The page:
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  • Writer's pictureLeitner Varughese Warywoda

What Protection Does New York Labor Law Provide for Falls From Heights?

If you work on a construction site in New York, it is essential to know that New York has more protections for construction workers than many other states when it comes to safety protocols and remedies for injuries. Section 240 of New York Labor Law, often known as the “Scaffold Law,” specifically gives injured construction workers or their families a remedy if an employer does not provide adequate fall protection. This law covers injuries caused by falls from heights, as well as injuries caused by objects that strike a worker after falling from a higher elevation. We want to tell you more about falls from heights, and how Section 240 allows injured construction workers to seek compensation.

What is a Fall From Heights?

As we mentioned above, Section 240 of New York Labor Law provides a remedy for construction workers who are injured due to inadequate protection to prevent a fall from heights, But what are falls from heights? According to the Occupational Safety and Health Administration (OSHA), falls are the leading cause of death in the construction industry. In 2018 alone, 320 fatal falls from heights occurred. OSHA makes clear that falls from heights are any type of fall-related injury in which a construction worker suffers a “fall to a lower level.” To put the statistics in perspective, in 2018 there were a total of 1,008 construction fatalities altogether. Falls from heights accounted for nearly 32% of all fatalities on construction sites.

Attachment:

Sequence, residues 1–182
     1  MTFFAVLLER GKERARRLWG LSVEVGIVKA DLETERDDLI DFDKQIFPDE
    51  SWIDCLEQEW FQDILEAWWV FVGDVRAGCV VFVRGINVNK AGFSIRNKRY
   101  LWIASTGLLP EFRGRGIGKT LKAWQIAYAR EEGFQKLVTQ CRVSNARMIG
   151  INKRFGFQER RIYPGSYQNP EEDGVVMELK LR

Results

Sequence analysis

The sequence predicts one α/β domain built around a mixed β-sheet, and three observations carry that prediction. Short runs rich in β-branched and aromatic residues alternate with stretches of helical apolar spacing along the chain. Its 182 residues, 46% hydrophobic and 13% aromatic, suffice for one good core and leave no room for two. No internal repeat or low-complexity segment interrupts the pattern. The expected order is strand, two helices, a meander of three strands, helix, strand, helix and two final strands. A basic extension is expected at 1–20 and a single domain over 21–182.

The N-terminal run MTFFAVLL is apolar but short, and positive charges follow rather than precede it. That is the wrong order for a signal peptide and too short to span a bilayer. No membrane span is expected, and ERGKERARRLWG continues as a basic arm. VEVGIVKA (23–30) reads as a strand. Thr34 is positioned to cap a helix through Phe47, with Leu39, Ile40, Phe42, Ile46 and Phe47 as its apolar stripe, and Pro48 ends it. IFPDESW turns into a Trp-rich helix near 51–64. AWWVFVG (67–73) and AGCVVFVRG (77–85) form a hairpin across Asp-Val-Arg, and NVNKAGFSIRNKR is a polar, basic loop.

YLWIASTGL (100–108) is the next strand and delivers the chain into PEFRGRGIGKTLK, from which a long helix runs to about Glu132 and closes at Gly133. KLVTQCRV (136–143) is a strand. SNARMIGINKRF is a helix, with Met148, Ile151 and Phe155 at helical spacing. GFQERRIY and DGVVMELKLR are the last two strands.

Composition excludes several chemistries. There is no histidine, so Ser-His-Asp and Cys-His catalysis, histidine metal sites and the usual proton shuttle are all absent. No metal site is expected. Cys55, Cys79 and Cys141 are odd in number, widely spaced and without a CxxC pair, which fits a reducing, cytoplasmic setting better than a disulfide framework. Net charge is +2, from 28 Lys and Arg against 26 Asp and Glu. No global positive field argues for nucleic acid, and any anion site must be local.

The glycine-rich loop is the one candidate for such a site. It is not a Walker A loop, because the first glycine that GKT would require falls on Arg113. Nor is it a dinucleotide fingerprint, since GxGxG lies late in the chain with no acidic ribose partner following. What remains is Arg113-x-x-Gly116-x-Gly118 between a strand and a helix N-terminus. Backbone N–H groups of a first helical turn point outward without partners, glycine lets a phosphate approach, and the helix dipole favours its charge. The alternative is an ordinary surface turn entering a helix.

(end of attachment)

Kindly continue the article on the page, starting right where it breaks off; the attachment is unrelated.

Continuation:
Construction site owners, general contractors, and other construction employers have a duty to provide workers with fall protection. Indeed, as OSHA explains, “when working from heights, employers must plan projects to ensure that the job is done safely,” which requires consideration of “the different fall hazards, such as holes or skylights and leading ledges,” or scaffolding. OSHA clarifies that any construction worker who is working six feet or more above ground level is at serious risk of an injury due to a fall from heights. Employers are required by OSHA regulations to have proper ladders, scaffolds, and safety gear to prevent these types of falls.

Learning More About Section 240

Under Section 240 of New York Labor Law, “all contractors and owners and their agents . . . in the erection, demolition, repairing, altering, painting, cleaning, or pointing of a building or structure shall furniture or erect . . . for the performance of such labor, scaffolding, hoists, stays, ladders, slings, hangers, blocks, pullets, braces, irons, ropes, and other devices which shall be so constructed, placed, and operated as to give proper protection to a person so employed.” Further, the law clarifies that any scaffolding or staging that is more than 20 feet off the ground must have a secured safety rail, along with other necessary safety precautions.

While construction accident injuries in most states—including falls from heights—that result from the employer’s negligence only give an employee a chance for compensation through the workers’ compensation system, New York Labor Law allows an injured construction worker to file a claim against the employer for injuries resulting from a fall from heights due to negligent safety measures.

Contact a New York Construction Accident Lawyer

If you have questions about filing a claim under Section 240 of New York Labor Law, it is essential to seek advice from an experienced construction accident lawyer in New York. One of the personal injury attorneys at our firm can evaluate your case and discuss your options for filing a claim. Contact Leitner Varughese Warywoda PLLC today for more information.


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